Rock is Not Dead - Once More Around the Sun Edition
New Mastodon record out this week. First impression: Sounds great. It's heavy yet clean, with some really focused song-writing that retains that proggy sensibility.
I can't wait to let it soak in.
Not too long ago, I bought a new fridge. The old one started making a noise I didn't feel like repairing and I wanted a smaller one anyway. My kitchen isn't the biggest and I don't need to stock up for a huge family, so the smallest full-size fridge? Hook me up.
I was thinking space mostly but in the back of my mind I was wondering if a smaller fridge would save me money on my electric bill.
The proof is in the pudding. This month's bill was less than a hundred dollars, a record for the decade I've been living in this house.
Walmart to Go
I live near the worst Walmart in America. (It's an objective fact.) And yet I rely on them for supplies of cat food, hot cocoa, coffee, and other staples. This leaves me with a dilemma. The convenient Walmart is a nightmare, and all the others are not convenient.
So I tried their Walmart to Go service. For a small fee, they will deliver your groceries to your front door. There is waiting involved, as you have to schedule a delivery window, but you are not standing three deep in a line staffed by someone who can compete in the Special Olympics.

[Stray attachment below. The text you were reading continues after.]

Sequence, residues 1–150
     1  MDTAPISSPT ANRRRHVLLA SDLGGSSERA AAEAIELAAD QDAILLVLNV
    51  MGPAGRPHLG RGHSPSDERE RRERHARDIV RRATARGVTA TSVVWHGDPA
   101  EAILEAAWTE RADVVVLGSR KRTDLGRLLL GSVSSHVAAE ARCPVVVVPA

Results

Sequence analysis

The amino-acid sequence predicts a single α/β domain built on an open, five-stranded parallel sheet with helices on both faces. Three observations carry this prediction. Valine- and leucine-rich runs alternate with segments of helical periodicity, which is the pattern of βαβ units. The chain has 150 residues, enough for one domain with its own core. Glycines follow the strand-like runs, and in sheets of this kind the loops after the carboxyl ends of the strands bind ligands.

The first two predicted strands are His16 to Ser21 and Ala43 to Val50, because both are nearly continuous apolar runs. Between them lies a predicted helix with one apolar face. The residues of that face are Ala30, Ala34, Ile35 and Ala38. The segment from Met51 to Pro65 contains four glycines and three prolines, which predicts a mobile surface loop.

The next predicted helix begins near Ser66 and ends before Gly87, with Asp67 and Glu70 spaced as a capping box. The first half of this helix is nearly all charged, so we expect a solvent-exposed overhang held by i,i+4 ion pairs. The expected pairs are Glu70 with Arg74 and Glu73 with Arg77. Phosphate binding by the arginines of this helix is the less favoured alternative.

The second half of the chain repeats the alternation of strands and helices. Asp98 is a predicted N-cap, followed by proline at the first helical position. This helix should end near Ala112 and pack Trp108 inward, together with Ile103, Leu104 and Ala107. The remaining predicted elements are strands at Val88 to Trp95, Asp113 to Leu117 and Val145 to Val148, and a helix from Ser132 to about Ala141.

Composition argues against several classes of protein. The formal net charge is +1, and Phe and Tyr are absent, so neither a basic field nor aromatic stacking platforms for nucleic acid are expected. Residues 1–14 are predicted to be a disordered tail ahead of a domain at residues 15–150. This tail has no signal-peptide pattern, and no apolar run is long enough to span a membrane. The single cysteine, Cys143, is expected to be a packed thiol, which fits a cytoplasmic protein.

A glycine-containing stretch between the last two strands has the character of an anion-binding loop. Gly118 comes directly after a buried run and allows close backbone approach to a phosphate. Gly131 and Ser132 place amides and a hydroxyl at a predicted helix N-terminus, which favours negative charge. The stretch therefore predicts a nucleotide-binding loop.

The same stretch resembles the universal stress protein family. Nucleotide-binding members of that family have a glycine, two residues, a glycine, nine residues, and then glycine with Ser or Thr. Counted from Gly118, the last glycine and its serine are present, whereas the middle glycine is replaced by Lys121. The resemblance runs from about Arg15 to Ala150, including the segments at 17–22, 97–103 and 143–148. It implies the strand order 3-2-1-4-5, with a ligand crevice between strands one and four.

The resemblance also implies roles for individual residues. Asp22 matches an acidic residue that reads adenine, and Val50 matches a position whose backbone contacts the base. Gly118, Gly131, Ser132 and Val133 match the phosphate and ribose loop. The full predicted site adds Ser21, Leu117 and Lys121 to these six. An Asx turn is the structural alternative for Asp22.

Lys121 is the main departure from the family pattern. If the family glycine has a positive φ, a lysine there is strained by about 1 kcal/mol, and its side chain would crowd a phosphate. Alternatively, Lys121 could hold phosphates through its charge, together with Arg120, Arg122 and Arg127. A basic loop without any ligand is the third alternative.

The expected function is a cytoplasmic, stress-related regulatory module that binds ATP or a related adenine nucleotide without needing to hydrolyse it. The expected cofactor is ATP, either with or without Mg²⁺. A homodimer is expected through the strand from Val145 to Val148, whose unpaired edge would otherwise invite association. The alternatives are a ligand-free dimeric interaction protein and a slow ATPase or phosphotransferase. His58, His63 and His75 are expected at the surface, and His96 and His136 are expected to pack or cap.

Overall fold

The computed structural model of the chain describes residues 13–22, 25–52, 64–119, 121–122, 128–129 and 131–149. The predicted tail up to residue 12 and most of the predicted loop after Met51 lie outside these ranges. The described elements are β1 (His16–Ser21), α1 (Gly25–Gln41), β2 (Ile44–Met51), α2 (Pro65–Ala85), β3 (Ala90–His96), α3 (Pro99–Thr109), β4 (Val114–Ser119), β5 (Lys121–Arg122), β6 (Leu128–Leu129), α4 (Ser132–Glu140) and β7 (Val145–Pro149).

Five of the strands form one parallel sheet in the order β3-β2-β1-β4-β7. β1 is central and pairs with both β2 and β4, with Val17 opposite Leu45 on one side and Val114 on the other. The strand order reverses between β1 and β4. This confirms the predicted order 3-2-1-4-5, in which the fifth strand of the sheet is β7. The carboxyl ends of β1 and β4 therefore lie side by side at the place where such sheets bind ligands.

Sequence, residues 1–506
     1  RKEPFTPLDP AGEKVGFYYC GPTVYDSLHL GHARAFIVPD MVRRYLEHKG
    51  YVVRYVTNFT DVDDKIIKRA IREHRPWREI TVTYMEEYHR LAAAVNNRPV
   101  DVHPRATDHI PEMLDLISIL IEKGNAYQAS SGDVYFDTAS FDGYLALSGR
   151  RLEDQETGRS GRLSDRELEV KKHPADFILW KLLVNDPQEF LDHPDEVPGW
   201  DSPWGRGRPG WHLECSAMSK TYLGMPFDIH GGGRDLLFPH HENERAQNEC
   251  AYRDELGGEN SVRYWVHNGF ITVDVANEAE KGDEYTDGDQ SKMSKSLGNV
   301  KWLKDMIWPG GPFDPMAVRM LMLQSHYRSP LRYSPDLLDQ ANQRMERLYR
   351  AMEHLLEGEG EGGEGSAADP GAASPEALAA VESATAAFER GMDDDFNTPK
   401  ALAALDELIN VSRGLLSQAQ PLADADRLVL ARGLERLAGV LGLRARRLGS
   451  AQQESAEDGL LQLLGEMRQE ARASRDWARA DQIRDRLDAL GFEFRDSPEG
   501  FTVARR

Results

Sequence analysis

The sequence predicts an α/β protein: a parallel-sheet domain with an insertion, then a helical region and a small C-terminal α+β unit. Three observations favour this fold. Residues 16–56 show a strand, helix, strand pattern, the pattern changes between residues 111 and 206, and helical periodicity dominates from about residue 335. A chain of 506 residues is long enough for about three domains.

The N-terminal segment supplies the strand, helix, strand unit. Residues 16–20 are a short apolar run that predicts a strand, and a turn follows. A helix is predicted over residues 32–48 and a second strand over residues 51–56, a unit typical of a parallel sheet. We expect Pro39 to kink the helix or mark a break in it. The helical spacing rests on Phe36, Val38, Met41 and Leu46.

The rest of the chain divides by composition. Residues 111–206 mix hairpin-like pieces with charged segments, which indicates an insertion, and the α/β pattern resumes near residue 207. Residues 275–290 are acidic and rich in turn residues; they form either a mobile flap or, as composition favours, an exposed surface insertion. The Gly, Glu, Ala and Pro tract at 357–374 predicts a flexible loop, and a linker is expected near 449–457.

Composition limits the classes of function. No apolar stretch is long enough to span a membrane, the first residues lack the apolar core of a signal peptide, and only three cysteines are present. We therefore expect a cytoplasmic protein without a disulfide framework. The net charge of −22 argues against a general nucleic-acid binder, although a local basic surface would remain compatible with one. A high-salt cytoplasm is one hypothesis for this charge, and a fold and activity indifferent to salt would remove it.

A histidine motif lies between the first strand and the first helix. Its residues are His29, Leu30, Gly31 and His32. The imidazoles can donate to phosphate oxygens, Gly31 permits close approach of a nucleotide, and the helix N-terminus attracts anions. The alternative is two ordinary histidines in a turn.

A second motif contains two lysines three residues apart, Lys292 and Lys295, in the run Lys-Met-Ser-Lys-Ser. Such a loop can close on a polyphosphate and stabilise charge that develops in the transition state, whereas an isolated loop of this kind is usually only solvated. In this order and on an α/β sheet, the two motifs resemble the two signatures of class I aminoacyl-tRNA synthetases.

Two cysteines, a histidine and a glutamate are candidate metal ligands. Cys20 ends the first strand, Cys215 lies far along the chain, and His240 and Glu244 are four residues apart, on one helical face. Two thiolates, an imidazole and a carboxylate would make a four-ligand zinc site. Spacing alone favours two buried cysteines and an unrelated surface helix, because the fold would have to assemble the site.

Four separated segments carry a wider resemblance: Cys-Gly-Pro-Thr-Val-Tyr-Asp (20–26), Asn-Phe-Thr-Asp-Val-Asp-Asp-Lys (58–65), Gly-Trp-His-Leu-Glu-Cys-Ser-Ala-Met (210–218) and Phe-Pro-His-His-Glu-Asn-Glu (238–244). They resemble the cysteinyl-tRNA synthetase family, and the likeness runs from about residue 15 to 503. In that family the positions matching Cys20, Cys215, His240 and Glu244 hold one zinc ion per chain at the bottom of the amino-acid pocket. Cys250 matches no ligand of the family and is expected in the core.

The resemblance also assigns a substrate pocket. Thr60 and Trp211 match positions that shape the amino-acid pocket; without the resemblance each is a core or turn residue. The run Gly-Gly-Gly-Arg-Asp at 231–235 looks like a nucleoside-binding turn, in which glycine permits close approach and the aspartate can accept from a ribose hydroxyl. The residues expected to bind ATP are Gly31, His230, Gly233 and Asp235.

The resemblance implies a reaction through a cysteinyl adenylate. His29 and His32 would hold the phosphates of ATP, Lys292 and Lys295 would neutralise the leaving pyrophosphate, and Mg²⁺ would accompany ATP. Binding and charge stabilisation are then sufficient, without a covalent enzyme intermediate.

Standing in one of those lines, I've often wished there was some way I could just pay to get out of there. Just, please take my money. Free me from this prison of Handiwipes and Bic lighters.
So Walmart says if I pay them $5, I don't have to stand in one of those lines and they'll deliver my entire grocery list to my front door sometime after I get off work.
I don't mean to keep beating this drum, but shortly after acquiring the first season of True Detective on Blu Ray, I binge-watched it again and then after that, I re-watched certain scenes, and even re-watched entire episodes.
You could call it a bit of a study, to figure out how this story was constructed. Unlike many viewers, I'm not really motivated by novelty. It's less interesting to find out what happens next than it is to see if what happens next makes some kind of sense in terms of theme or character.
Unusual for a mystery story, there are no red herrings. All the completely bonkers stuff --the devil worship and the child sacrifice-- all that turns out to be true. Indeed, detectives Cohle and Hart only scratch the surface, peeling back just one layer of a larger, darker story that's merely hinted at.
Consider what they find: a Satanic cult operating in secret along the Louisiana Coast that has been killing women and children for generations. A serial killer? No, it's bigger than that.